Index Tuning In SQL Server Availability Groups Is, Like, Hard

Let’s Say You’re Offloading

Because you’ve got the cash money to pay for Enterprise Edition, some nice hardware, and also Enterprise Edition on another server or two.

Maybe you have queries that need fresh data going to a sync replica, and queries that can withstand slightly older data going to an async replica.

Every week or every month, you want to be a dutiful data steward and see how your indexes get used. Or not used.

So you run Your Favorite Index Analysis Script® on the primary, and it looks like you’ve got a bunch of unused indexes.

Can you drop them?

Not By A Long Shot

You’ve still gotta look at how indexes are used on any readable copy. Yes, you read that right.

DMV data is not sent back and centralized on the primary. Not for indexes, wait stats, queries, file stats, or anything else you might care about.

If you wanna centralize that, it’s up to you (or your monitoring tool) to do it. That can make getting good feedback about your indexes tough.

Failovers Also Hurt

Once that happens, your DMV data is all murky.

Things have gotten all mixed in together, and there’s no way for you to know who did what and when.

AGs, especially readable ones, mean you need to take more into consideration when you’re tuning.

You also have to be especially conscious about who the primary is, and how long they’ve been the primary.

If you patch regularly (and you should be patching regularly), that data will get wiped out by reboots.

Now what?

If you use SQL Server’s DMVs for index tuning (and really, why wouldn’t you?), you need to take other copies of the data into account.

This isn’t just for AGs, either. You can offload reads to a log shipped secondary or a mirroring partner, too.

Perhaps in the future, these’ll be centralized for us, but for now that’s more work for you to do.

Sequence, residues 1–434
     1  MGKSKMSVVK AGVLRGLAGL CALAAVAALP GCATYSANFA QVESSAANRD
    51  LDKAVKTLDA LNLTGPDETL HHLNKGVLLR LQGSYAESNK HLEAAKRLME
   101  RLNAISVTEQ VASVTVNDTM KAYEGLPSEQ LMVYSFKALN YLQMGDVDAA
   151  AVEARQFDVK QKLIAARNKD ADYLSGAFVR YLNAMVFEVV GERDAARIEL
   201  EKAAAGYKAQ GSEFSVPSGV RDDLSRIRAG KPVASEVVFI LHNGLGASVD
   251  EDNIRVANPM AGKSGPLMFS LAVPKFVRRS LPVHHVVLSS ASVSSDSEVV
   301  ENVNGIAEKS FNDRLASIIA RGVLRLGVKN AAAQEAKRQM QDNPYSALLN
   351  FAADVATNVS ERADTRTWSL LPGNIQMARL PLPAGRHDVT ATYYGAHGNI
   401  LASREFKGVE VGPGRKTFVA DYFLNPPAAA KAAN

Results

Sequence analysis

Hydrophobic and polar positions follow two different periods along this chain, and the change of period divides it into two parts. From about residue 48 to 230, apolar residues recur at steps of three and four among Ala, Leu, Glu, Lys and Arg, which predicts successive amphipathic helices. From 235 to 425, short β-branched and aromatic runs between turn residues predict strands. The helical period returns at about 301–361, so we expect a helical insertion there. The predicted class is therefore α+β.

Thanks for reading!

Going Further

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One thought on “Index Tuning In SQL Server Availability Groups Is, Like, Hard

  1. I’ve run into this problem (and a few other around the nuances of AGs) and addressed it with a little powershell script:

    I had a problem where new sprocs were being added but tests were not being expanded to cover them, so I needed to be able to comparetests executions vs prod executions. the *-proclist.txt” files cover that. There was also the trouble around stale testing data generating different plans than live prod data, thus I export every plan (*.sqlplan files) in cache that I can get my hands on, so I can compare them later if something is amiss. Last, In order to figure out which indexes are being used across the cluster, I grab all the used index data out of the execution plans and write that off to a list (the IndexesUsed.csv). If you execute this across all nodes in an AG, it can give you a pretty solid view of that’s going on. That said, I know this doesn’t cover everything. There are some non-cached plans, edge-case index use, and likely a few other things this would miss.

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